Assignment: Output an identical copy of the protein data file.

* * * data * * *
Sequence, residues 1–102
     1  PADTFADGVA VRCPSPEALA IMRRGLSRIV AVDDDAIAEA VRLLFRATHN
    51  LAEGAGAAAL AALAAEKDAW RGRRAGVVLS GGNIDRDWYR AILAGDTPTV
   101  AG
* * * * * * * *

Sequence, residues 1–102
     1  PADTFADGVA VRCPSPEALA IMRRGLSRIV AVDDDAIAEA VRLLFRATHN
    51  LAEGAGAAAL AALAAEKDAW RGRRAGVVLS GGNIDRDWYR AILAGDTPTV
   101  AG